Crucially, members of the AU have also begun to assert the need to abide by their obligations as members of the ICC over their membership in the AU. Countries such as Botswana, South Africa, Burkina Faso and Niger have publicly affirmed the need to arrest ICC suspects on their territory. During preparations for the July 2012 AU summit in Malawi, President Joyce Banda announced that the arrest warrant against President al-Bashir would be acted upon if he were to attend, which led to the relocation of the meeting to Addis Ababa.
Where states have been reticent to cooperate with the Court, African civil society has pushed the issue. In Kenya, for example, civil society groups worked through the Kenyan judicial system to assert the government’s obligation to arrest Al-Bashir.
Africans support justice
With 34 states parties and 43 signatories to the Rome Statute, Africa is one of the ICC’s largest bases of support. With Egypt’s recent expressions of interest in joining the Court, that support looks like it will continue to grow in the future. Likewise, the African continent is well-represented on the ICC’s staff. Several Africans hold key positions in the Court, including the chief prosecutor, 5 of the courts judges are African including the first vice president and deputy registrar. Out of a total of 658 permanent ICC staff, 144 are African nationals, representing 34 African nations.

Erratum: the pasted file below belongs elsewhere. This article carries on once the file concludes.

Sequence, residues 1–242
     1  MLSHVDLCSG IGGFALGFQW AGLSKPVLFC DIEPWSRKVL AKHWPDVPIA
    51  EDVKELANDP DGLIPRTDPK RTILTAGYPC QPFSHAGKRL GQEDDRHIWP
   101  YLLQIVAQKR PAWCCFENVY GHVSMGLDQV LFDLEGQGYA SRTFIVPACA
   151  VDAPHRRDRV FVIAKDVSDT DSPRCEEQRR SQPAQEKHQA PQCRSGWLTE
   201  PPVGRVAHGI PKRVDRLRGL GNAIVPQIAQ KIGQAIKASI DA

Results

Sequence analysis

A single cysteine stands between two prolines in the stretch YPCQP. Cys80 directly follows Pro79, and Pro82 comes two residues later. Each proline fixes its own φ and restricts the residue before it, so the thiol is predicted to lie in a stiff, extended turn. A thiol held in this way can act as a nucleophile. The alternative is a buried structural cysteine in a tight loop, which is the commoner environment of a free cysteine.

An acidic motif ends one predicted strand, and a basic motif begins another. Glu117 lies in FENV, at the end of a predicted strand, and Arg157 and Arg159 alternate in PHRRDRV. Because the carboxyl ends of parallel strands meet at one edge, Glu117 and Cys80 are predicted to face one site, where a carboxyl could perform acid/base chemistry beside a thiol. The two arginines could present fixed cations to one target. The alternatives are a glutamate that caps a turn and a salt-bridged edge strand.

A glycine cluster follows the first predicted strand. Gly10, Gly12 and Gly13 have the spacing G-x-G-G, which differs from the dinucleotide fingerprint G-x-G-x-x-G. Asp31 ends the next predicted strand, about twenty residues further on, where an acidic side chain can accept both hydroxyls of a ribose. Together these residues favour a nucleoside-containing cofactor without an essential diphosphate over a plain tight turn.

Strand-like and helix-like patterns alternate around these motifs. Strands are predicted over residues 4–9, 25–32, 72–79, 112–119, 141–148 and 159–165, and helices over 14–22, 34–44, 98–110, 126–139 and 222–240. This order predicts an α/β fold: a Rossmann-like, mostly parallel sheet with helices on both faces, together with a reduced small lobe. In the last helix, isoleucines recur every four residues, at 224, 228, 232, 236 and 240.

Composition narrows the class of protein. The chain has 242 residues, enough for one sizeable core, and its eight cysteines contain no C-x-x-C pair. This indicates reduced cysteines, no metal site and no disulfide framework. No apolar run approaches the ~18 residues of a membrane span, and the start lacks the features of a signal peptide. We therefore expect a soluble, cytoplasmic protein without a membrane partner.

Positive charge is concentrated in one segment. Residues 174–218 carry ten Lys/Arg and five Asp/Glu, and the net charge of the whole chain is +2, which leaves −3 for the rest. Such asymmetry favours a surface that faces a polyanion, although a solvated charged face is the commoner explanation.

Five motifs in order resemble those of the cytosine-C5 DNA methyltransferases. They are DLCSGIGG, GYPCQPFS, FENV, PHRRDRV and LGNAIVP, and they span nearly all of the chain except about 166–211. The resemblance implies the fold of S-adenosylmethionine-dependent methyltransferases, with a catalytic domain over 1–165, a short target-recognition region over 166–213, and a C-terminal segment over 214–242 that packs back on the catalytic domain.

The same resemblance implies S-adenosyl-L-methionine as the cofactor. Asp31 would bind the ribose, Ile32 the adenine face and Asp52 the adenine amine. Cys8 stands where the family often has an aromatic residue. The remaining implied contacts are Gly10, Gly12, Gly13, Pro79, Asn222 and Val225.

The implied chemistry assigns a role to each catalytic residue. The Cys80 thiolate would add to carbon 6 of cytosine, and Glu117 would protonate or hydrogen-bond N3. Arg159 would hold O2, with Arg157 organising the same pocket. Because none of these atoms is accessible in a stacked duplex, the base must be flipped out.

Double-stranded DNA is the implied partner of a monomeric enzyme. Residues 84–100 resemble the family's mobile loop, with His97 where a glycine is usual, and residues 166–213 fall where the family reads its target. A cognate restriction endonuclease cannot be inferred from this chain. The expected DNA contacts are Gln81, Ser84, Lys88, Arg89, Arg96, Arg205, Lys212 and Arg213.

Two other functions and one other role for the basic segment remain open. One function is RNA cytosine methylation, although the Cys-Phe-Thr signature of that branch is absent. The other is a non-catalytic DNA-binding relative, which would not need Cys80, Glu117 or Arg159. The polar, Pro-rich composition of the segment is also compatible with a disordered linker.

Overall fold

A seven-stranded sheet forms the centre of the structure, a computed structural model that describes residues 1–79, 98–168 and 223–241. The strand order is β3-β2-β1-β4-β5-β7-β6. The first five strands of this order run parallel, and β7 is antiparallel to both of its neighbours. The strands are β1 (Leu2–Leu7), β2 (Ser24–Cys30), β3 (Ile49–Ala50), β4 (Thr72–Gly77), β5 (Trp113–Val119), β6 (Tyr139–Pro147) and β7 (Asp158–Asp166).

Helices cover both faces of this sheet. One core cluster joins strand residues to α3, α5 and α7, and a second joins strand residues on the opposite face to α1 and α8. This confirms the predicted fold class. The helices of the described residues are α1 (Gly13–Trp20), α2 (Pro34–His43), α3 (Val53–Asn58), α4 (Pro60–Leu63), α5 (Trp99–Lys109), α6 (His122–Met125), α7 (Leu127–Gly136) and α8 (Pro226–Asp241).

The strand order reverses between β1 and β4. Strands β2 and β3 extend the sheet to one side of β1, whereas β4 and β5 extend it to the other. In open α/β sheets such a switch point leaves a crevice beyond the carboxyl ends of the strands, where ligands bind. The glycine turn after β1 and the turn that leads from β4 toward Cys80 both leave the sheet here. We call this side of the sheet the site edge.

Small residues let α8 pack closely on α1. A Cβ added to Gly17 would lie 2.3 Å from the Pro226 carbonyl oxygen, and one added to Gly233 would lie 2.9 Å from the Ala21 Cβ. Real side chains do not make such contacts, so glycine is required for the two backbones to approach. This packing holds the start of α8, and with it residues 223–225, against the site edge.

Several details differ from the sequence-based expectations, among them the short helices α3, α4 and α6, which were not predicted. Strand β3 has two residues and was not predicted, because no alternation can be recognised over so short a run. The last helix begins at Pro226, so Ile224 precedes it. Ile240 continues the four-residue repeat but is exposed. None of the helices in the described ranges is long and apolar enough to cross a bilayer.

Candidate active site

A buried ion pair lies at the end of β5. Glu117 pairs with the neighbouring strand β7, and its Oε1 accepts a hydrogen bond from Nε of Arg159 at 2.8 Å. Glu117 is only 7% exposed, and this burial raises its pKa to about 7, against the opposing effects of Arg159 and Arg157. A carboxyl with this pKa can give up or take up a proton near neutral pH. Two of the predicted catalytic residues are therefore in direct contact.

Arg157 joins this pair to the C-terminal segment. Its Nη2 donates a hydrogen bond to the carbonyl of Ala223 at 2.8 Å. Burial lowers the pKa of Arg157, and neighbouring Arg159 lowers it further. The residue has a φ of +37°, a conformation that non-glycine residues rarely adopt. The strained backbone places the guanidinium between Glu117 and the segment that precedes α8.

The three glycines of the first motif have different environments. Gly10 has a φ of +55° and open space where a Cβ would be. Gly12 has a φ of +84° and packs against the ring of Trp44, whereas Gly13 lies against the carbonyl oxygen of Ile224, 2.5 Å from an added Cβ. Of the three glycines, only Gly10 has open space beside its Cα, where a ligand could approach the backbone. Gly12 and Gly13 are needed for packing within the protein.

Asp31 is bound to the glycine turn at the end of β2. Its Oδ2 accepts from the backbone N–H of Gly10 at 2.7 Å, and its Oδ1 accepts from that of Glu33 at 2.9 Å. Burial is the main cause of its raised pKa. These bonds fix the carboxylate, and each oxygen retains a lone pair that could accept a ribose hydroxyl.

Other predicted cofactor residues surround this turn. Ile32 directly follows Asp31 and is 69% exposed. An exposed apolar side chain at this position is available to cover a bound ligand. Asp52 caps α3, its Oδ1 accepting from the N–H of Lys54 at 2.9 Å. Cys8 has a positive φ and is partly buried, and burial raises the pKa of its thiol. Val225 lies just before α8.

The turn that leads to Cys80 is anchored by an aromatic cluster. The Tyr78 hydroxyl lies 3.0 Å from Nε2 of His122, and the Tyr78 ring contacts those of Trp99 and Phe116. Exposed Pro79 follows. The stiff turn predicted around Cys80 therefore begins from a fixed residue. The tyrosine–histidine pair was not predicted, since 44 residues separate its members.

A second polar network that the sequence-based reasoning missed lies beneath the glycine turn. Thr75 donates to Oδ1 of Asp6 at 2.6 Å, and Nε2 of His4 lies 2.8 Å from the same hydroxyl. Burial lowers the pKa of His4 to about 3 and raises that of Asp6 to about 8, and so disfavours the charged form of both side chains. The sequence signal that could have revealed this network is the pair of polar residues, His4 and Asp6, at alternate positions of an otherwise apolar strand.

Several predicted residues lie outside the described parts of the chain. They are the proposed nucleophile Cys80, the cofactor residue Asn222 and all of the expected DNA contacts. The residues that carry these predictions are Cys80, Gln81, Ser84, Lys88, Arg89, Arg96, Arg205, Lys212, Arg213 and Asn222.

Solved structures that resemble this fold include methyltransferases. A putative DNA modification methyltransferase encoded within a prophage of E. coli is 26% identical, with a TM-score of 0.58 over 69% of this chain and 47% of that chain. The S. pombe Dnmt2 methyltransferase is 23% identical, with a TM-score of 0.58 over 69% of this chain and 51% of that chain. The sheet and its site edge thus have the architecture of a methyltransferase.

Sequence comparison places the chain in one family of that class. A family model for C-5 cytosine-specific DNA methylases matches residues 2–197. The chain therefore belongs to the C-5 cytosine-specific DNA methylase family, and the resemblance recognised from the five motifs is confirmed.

Critics of the Court all too often discount this participation. When they do, they lose sight of the fact that Africans are not the victims of a biased ICC, but willful supporters of the Court’s mission to end impunity for the crimes from which they have too frequently suffered.
Finally, the Rome Statute states the ICC should select the gravest situations under its jurisdiction. It is not about regional or geographic representation, and its not a subject of high politics, it’s the law: where there are crimes falling within its jurisdiction that are not being addressed by national jurisdictions, under the new system of international justice, the Office of the Prosecutor should step in if the Court is to do what it was set up to do.
Those who argue that the court is targeting Africans should stop and think for a moment: there are more than 5 million African victims displaced, more than 40.000 African victims killed, hundreds of thousands of African children transformed into killers and rapists, thousands of Africans raped. Should the ICC ignore these victims? Arguably, it’s not about focusing on Africa; it is about working for the victims, and the victims are African. That is why the Court is a solution; its impartiality, its independence ensures the legitimacy of its intervention.
Stephen Lamony is a Senior Adviser at the Coalition for the International Criminal Court.
The views expressed here are mine and do not reflect the official position of the CICC.